My immediate response was to start thinking up reasons why it is not a good idea to start from scratch in thinking about what kind of political system we should have. I don’t think it is possible for anyone (not even me) to understand how some political system that they thought up from scratch would work in practice. It is difficult to predict how politicians, judges, the media, interest groups and the public might respond to the incentives we might seek to incorporate in a new system until we actually see how they respond. Many people may tend to be less self-interested in their role as citizens than in normal market behaviour, but few are angelic. It is probably much easier to predict how people would respond to changes to a system in which norms of behaviour have already been established.

The suggestion of looking around the world to borrow ideas that work is sensible. I understand that is what the Americans did when they had the opportunity to start from scratch to invent a new political system. Australians did the same thing in developing a new constitution at the time of federation.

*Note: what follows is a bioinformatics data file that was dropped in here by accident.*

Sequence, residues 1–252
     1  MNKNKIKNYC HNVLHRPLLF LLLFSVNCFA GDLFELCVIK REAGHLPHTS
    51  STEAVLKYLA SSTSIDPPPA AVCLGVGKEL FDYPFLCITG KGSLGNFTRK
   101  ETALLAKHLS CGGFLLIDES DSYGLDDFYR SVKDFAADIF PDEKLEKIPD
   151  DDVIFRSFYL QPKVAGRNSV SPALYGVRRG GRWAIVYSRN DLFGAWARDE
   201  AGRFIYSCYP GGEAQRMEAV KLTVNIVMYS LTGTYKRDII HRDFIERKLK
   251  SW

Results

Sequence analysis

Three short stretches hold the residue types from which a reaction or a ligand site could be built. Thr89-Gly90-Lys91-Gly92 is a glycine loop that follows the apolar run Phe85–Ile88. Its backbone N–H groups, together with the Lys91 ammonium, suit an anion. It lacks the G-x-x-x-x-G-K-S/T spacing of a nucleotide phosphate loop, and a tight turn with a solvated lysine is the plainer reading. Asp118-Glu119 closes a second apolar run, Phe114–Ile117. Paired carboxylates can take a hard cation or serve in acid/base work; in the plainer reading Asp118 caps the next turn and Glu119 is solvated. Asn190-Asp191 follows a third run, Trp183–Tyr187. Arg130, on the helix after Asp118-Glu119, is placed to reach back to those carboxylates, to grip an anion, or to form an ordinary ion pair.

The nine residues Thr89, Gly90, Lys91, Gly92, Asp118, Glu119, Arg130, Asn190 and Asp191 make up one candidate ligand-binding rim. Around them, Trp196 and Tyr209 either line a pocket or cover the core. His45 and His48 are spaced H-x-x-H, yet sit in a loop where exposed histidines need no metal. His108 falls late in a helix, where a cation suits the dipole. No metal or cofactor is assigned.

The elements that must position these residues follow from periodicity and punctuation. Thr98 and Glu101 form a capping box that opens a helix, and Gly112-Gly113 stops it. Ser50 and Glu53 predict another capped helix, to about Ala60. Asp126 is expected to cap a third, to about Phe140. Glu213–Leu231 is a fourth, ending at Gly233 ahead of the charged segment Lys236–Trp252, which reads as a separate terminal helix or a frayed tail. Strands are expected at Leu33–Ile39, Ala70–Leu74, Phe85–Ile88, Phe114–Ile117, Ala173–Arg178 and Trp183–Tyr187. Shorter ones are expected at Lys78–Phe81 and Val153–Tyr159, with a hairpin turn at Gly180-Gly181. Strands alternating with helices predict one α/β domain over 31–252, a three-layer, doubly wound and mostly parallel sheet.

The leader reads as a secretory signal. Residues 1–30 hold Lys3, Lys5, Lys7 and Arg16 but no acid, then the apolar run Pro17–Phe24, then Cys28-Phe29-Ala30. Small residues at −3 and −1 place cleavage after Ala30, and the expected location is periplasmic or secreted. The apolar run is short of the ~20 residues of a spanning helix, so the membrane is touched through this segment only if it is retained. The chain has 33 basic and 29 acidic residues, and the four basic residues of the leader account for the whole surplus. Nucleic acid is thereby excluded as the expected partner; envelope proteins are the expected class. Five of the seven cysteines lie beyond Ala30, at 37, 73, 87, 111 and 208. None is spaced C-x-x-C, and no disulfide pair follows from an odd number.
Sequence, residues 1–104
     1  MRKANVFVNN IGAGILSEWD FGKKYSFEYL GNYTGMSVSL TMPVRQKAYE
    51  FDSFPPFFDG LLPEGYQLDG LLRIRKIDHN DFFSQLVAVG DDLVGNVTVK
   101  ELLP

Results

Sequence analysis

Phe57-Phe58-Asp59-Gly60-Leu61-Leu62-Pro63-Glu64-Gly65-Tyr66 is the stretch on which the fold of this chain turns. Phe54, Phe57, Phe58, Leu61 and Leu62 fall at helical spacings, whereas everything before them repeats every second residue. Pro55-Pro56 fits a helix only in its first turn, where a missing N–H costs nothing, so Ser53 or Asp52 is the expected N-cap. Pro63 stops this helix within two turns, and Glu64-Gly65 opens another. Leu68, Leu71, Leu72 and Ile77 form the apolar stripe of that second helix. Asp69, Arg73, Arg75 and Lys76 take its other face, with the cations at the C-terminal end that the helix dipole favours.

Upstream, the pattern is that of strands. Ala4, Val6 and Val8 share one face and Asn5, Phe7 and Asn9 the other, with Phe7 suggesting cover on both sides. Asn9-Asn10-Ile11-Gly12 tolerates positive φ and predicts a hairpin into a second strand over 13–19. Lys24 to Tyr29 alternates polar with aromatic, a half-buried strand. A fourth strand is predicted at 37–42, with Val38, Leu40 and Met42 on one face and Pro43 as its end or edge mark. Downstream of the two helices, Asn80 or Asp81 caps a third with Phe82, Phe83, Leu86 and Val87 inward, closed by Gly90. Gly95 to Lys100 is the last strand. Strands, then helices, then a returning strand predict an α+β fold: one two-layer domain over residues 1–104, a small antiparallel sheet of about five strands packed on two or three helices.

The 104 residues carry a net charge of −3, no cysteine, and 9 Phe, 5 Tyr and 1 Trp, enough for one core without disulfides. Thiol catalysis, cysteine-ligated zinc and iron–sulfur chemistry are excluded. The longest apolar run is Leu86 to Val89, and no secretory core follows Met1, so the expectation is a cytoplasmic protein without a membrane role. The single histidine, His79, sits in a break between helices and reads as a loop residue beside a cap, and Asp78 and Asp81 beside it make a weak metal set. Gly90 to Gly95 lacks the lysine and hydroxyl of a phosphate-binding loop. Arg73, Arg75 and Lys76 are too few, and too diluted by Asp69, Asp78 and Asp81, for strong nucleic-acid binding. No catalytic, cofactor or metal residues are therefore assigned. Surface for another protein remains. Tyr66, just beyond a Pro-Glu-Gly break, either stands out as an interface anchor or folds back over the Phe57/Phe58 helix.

My starting point in thinking about political reform is to acknowledge that the Westminster system has one very good feature – it usually enables governments to be held accountable for their actions and to be voted out of office if they become unpopular. I think some of the argy-bargy that many people dislike about politics is an inevitable result of the role of the opposition and media in holding governments accountable. But the system does not reward politicians who are seen to offer unfair criticism. Politicians run the risk of losing votes if they are seen to be excessively negative or unnecessarily destructive

Added to the normal argy-bargy, some of the bad odour associated with federal politics in Australia at the moment seems to me to stem from the unusual situation in which we find ourselves. It is difficult for voters to hold the government accountable for the policies it is adopting because there was no clear winner after the last election. That means that the policies that the government has been implementing are the result of negotiations with minor parties and independents, rather than policies that it took to the people at the last election, or even policies that it can honestly claim to be in the interests of the community as a whole.